Keywords: underpowered cpu
Description: Hmm, neither the Cool'n'Quiet nor PowerNow! programs are compatible with the notebook, but the CPUInfo software on there just confirms my suspicions that it's only running at half its max speed.
Hmm, neither the Cool'n'Quiet nor PowerNow! programs are compatible with the notebook, but the CPUInfo software on there just confirms my suspicions that it's only running at half its max speed.
Check the windows control panel for "Power Management" my IBM laptop has an "Advanced Settings" tab (Not just the "Advanced" tab) with CPU power management options. Which I can toggle between Automatic and Disable. Beyond this there's IBM software where you can define power schemes such as High Perfomance or Power Saver. Within this are settings for the CPU: Maximum, Adaptive, Slow, Very Slow. Your laptop may have a similar feature.
Run a program that will let you monitor the temperature readings. There are many such programs available, for windows you might try hmonitor .
If you find that your CPU temperatures are excessively high (60 - 70 degrees C or more) then your heatsink is probably gummed up with dust and hair. A bottle of compressed CO2 from the office supply store should be able to blow out all the gunk from the vents without taking anything apart. The chipset or control software will usually throttle CPU speed if it gets too hot, because this reduces the amount of heat generated. But if the vents and/or heatsink are blocked by junk, the CPU will not be able to maintain a low temperature.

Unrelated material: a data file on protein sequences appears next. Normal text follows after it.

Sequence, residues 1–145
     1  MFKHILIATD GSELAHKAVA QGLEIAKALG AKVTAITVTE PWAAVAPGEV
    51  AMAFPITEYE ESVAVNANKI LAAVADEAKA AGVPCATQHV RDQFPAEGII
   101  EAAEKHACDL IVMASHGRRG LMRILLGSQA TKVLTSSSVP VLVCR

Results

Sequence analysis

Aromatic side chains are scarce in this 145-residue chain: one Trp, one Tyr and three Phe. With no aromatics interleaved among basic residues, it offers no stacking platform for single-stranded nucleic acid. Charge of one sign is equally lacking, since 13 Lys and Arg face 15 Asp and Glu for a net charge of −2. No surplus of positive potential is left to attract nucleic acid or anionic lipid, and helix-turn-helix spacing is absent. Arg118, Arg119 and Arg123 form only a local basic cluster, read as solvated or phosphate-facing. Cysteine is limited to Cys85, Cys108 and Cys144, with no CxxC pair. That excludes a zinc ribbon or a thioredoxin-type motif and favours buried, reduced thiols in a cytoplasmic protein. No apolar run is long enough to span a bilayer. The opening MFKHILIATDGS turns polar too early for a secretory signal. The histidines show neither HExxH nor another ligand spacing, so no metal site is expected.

This is a funtion of AMD's PowerNow software (their version of Intel's SpeedStep). You can turn it off by changing the Power Profile in the Power Settings Control Panel from Laptop to Always On. Use an third-party application to keep an eye on the temperature of your CPU, and use AMD Dashboard to check the true speed of the processor (the Windows reading is often wrong). If, after turning off PowerNow, you still don't get the expected cycles out of your processor, you may need to upgrade the BIOS and processor drivers for your laptop.
It can be surprisingly difficult to peg a modern CPU to 100% usage. The most reliable way I've found is to run dnetc. Even then, it may not exercise the whole chip. Anyway try running that for awhile and see if your system runs at the speed you expect?